See the way the water is blowing in the wind? It was worse up on the rim - we almost bit it a few times due to super strong cross-winds.

We enjoyed the provided pulled pork sandwiches and baked beans and then headed back to the hotel for a nice hot shower and a nap. I'm so glad we finally got to do this ride.

Wednesday, August 18, 2010

Honey Harvest!

Slicing the caps off the honey comb prior to extraction.

So our hives are huge and full. We have two of them, one of which already has two FULL supers on it (the large box that tops the hive and where the honey gets stored). We pulled a few frames to give the bees more room about a month ago, and we needed to harvest that honey so that we could reuse the frames. We rented an extractor from the local bee place and invited some friends over to watch/help/learn.

First step was to cut the caps off the honey comb. This is done in multiple ways, but we used a hot knife to slice them open on both sides of the frame.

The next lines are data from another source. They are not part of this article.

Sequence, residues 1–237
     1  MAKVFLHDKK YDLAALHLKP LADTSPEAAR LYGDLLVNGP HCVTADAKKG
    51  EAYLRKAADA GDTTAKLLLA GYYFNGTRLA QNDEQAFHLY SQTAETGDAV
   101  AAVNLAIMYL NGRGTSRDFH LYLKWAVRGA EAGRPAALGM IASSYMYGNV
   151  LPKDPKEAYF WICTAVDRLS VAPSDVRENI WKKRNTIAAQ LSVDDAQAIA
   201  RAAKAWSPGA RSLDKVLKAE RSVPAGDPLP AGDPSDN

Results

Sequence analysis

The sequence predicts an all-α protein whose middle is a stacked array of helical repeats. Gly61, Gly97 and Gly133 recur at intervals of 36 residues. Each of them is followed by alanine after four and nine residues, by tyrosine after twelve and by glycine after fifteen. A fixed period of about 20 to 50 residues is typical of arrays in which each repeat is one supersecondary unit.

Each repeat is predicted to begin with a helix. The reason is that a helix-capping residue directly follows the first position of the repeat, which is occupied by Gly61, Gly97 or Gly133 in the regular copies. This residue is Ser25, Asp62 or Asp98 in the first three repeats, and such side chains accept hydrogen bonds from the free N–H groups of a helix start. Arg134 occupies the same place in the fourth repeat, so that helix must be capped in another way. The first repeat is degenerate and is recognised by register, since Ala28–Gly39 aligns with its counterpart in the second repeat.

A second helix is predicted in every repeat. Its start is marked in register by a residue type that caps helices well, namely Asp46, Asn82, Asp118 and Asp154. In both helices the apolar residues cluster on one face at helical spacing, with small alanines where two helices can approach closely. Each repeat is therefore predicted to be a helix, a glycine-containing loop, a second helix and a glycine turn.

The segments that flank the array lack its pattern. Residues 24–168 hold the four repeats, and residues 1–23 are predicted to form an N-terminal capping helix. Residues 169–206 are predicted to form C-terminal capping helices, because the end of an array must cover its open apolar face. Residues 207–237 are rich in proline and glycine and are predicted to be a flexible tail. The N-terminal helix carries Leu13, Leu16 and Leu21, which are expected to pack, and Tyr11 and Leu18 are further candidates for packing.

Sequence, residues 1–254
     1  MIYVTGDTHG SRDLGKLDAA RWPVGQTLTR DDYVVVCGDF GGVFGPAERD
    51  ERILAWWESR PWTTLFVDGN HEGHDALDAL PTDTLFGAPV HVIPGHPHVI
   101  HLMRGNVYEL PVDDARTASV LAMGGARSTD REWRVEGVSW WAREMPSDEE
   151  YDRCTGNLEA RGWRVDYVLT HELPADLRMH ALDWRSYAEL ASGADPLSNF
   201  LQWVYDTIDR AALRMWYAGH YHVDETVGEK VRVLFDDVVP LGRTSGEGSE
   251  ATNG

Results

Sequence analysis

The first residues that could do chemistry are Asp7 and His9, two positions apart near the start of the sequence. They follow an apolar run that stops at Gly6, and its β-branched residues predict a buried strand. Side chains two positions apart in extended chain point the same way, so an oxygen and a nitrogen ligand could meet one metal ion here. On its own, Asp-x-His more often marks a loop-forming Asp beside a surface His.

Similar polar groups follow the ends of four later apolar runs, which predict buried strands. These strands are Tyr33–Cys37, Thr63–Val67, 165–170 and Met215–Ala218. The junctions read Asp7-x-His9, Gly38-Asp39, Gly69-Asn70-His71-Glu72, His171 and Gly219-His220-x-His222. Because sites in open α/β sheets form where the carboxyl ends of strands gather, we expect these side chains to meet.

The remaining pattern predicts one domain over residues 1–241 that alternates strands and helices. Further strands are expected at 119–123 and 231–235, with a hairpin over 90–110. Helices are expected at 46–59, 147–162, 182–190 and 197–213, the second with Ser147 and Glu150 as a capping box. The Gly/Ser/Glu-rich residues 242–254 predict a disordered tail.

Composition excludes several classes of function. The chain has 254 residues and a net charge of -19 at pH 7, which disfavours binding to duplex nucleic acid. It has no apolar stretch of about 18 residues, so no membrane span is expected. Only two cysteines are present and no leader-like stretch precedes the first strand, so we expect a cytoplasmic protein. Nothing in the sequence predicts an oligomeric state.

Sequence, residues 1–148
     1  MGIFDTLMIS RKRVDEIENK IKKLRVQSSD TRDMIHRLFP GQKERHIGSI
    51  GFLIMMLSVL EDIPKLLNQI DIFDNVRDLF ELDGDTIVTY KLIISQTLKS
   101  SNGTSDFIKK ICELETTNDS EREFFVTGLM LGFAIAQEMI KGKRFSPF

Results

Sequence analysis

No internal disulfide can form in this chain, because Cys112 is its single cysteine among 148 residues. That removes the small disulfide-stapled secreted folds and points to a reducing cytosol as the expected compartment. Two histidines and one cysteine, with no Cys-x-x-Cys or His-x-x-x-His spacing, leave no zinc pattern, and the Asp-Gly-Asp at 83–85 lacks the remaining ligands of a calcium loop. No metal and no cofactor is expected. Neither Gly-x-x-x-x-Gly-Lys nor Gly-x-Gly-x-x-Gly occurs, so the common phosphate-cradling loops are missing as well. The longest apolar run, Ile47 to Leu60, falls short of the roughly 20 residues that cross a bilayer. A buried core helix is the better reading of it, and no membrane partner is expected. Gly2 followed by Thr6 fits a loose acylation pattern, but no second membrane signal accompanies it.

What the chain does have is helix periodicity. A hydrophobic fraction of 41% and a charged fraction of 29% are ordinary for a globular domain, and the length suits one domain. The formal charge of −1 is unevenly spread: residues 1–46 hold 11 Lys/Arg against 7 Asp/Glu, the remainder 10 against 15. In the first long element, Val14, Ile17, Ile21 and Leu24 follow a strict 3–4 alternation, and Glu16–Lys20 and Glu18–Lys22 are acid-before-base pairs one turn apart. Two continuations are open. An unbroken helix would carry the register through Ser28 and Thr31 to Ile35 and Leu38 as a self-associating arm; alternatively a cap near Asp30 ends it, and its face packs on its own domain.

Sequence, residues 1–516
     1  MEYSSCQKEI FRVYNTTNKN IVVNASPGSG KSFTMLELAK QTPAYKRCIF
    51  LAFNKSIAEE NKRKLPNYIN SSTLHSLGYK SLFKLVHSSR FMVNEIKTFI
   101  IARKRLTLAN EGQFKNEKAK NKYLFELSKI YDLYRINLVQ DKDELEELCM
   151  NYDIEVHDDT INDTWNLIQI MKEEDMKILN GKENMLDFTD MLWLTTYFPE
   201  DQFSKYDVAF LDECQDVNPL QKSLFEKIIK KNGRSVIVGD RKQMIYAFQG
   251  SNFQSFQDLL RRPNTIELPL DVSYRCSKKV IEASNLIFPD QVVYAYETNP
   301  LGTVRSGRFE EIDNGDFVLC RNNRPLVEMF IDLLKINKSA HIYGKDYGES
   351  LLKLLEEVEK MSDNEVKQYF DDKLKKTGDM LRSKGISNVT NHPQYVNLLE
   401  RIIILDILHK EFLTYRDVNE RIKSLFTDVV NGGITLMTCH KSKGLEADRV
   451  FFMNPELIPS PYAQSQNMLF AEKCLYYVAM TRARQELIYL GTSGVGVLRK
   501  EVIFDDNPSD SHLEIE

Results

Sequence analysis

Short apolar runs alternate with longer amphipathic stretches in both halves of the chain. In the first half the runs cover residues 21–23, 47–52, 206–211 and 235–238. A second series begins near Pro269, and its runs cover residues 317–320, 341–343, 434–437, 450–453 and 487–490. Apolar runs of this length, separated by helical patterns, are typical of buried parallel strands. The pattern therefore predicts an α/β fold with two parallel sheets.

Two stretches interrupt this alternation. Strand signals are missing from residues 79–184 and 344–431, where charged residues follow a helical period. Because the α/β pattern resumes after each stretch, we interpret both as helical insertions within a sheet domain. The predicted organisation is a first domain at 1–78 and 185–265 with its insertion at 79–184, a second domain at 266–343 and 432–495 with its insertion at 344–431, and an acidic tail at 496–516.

Each frame has a notch in the spinning mechanism inside the extractor - the centrifugal force pulls all the honey from the comb.
Then the frames get inserted into the extractor. This particular extractor holds 9 frames. We are looking to buy a slightly smaller one to use for future use as we anticipate rarely harvesting so many frames at once.

The frames are spinning in this picture (barely visable) while we held the extractor from shaking too much.
The lid gets closed once all the spaces are filled and the spinning begins. Everyone took turns. We actually had to hold the extractor pretty tightly because we were short two frames and it created enough of an inbalance to wobble. We did bolt it down to a wooden board, but it still shook quite a bit. Next time, we'll make sure to fill the extractor!

Here comes the first of the honey!
We had a special filter pan sitting on a bucket to catch the honey as it came out of the extractor. This makes sure that you capture any and all non-honey bits (like wax).